Statistics have shown us over the years that almost without fail, the winner of a rematch in boxing is the same as the guy who won the first fight. Lucian Bute left Montreal last October with a hotly debated decision win over Librado Andrade, and most figured he'd win the rematch.
But a fourth round knockout? Who had that pick?
Bute (25-0, 20 KO) won the first three rounds much as he won most rounds last year against Andrade (28-3, 21 KO), by outboxing him, making him chase, and keeping him from establishing anything on the offensive side. Andrade did get a few right hands in, but it was Bute landing the harder, more noticeable shots, including a series of wicked left hands in the third.
But Andrade is famous for his iron chin, and he barely flinched at Bute's power. The next round, Bute caught Andrade with a short left hand that Andrade never saw coming, and Andrade came back up and fought on. He kept moving forward, showing no real ill effects.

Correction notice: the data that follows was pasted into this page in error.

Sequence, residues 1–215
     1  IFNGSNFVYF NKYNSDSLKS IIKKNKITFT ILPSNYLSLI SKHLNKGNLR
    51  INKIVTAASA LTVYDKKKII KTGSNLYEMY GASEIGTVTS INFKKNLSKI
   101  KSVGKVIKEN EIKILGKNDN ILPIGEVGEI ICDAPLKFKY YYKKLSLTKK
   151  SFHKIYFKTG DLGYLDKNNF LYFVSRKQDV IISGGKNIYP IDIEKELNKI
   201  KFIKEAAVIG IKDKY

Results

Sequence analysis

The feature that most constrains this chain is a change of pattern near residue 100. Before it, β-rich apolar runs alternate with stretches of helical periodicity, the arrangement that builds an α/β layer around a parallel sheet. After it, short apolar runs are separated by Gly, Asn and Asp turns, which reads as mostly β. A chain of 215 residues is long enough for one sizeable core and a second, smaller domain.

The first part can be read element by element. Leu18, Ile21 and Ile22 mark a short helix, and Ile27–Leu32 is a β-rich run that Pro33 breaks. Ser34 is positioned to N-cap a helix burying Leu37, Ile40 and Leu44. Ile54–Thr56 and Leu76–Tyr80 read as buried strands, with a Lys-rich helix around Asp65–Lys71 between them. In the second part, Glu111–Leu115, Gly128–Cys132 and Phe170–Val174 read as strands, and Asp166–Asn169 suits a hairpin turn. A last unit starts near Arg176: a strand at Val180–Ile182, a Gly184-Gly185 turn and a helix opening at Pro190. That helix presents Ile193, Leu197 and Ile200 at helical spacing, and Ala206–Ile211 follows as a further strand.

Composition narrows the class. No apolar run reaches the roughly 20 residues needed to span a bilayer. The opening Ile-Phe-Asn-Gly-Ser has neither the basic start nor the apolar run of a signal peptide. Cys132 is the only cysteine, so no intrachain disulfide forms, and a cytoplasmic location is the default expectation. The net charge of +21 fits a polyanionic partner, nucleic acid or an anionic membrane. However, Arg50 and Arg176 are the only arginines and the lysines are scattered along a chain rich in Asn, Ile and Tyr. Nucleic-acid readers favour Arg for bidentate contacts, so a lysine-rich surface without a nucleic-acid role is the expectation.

And then boom -- body shot. Down went Andrade, and Andrade didn't get up. A perfectly placed, vicious punch to the ribcage put Andrade down for the count.
Like you'd expect of Andrade, it looked like he was trying with all his will to get up.
Bute established himself, in my view, as the best 168-pound fighter in the world, but that's not meant to downgrade the guys in the Super Six, namely Andre Ward and Arthur Abraham. What it should tell you instead is that this is maybe the most complete, competitive, and stacked division in the sport today. Welterweight is exceptional at the top, but there are contenders at super middleweight much deeper.
Watching Andrade get knocked out is something I won't soon forget. I'm a huge fan of his -- watching him fight is thrilling. Hats off to Lucian Bute for knocking out the indestructible Andrade, and for making as strong a case as possible that the best fighter at 168 pounds isn't in the Super Six.